Monthly Archives: August 2011

29Aug

CRM 2011 Form Customization (Part 2)

A while back we looked at customizing the CRM 2011 header and footer.  I got some really positive feedback, but some people were tripped up.  Troubleshooting via blog is difficult, so whenever you have problems feel free to tweet me (@paul_way).  Today, I’m going to go into great detail of changing the form again, but this time we’re going to add a new twist.  Take a look at the before and after:

 

image

Before

 

 

image

After

 

 

Now some of you may be wondering what I changed.  First, we still have the light blue shading on the header.  Secondly, we moved the footer to the left navigation.  User’s may never request changing the color of the forms, but that was intended to show you that you could style the forms any which way you wanted.  Moving the footer to the left hand navigation is quite practical.  Some users may be faced with smaller screen resolutions and this will really free up space if  you intend to put a lot of information in the footer (especially if you are adding to the header already).

 

Step-by-Step

Setting up our Web Resources

The first thing you’ll need to do is create a solution.  I called mine “Form CSS Customization”.  In it we are going to add two web resources.

image

 

For our initial web resource we’ll create is a CSS file:

Take note of the name of  your CSS file, as we’ll use this in a minute.  The CSS file contains the shading on the header as well as some custom table formatting that we’ll use with our JavaScript file.

Now, let’s add our JavaScript file:

function load_css_file(filename) {
var fileref = document.createElement(“link”)
fileref.setAttribute(“rel”, “stylesheet”)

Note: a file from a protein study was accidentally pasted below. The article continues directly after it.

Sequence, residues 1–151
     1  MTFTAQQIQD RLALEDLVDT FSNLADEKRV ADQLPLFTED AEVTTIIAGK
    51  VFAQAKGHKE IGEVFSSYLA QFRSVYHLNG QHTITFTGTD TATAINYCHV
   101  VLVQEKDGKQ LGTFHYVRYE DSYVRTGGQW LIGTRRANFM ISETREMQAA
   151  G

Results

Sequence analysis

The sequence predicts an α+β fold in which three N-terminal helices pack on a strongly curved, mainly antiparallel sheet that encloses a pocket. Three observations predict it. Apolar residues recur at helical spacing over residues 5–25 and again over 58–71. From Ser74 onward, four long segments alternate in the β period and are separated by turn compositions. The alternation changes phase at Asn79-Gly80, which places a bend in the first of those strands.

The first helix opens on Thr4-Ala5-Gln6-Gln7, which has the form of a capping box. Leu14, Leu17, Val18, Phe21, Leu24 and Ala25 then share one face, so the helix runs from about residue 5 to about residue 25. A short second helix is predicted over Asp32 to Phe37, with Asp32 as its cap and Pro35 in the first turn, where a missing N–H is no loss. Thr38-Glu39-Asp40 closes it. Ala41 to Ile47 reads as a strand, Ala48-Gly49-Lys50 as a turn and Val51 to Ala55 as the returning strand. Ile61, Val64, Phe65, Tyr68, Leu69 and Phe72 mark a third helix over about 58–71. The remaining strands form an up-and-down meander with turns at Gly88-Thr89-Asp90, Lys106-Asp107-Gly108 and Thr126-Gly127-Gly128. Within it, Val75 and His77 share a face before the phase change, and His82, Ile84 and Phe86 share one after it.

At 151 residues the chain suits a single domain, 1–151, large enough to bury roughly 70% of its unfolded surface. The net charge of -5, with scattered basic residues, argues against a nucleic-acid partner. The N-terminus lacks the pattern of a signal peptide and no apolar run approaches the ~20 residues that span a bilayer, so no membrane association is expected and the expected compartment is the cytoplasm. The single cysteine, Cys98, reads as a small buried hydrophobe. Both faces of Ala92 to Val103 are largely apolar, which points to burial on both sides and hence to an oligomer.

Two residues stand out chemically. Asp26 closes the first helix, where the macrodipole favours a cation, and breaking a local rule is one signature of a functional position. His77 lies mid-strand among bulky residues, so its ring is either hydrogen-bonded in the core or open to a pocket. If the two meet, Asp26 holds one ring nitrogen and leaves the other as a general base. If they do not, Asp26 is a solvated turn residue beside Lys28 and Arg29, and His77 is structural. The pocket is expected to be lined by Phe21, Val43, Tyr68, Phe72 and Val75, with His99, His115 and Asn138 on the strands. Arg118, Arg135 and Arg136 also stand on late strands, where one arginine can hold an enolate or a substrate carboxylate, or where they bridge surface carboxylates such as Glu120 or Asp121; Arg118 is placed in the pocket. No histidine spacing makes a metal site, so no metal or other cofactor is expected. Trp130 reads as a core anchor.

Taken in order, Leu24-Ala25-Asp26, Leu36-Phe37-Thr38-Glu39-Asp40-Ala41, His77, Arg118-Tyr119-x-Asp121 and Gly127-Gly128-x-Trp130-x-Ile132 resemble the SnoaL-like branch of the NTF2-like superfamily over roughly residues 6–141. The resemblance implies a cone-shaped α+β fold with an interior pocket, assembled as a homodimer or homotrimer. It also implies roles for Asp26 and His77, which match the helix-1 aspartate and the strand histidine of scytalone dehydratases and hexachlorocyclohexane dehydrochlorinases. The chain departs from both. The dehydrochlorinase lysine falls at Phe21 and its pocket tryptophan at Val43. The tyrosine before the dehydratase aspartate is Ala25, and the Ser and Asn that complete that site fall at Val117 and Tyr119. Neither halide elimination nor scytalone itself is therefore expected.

fileref.setAttribute(“type”, “text/css”)
fileref.setAttribute(“href”, filename)
document.getElementsByTagName(“head”)[0].appendChild(fileref)
}

function myFormOnLoad() {
load_css_file(‘/WebResources/cei_/css/case.css’); // don’t forget to change the file!
moveFooterToNav();
}

function moveFooterToNav() {

var tbl = document.getElementById(‘crmNavBar’);
var row = tbl.insertRow(tbl.rows.length);
var cFoot = row.insertCell(0);
var txt = document.createTextNode(‘testing…’);
cFoot.appendChild(txt);
cFoot.id = ‘myCustomNav’;
document.getElementById(‘myCustomNav’).innerHTML = “<table class=’myNavFoot’ cellspacing=’0′ cellPadding=’0′>” +
“<tr><td class=’ftLabel’>Created</td></tr>” +
“<tr><td class=’ftValue’>” + document.getElementById(‘footer_createdby_d’).childNodes[0].innerHTML +
“<br />” + document.getElementById(‘footer_createdon_d’).childNodes[0].innerHTML + “</td></tr>” +
“<tr><td class=’ftLabel’>Modified</td></tr>” +
“<tr><td class=’ftValue’>” + document.getElementById(‘footer_modifiedby_d’).childNodes[0].innerHTML +
“<br />” + document.getElementById(‘footer_modifiedon_d’).childNodes[0].innerHTML + “</td></tr>” +
“</table>”;

}

The JavaScript file is doing two important things.  First, it is injecting the CSS file into the header of the page.  This basically tells the browser to pickup the CSS file as if it was always part of the page.  After loading the CSS file, the JavaScript will append a table to the left area nav bar.  This table is completely custom and you can style it any which way you want.  Be careful using Xrm.Page.getAttribute() here, because even though the field is in the footer it may not be accessible to the Xrm object.  In my case, the attributes I’m using were not on any of my tabs.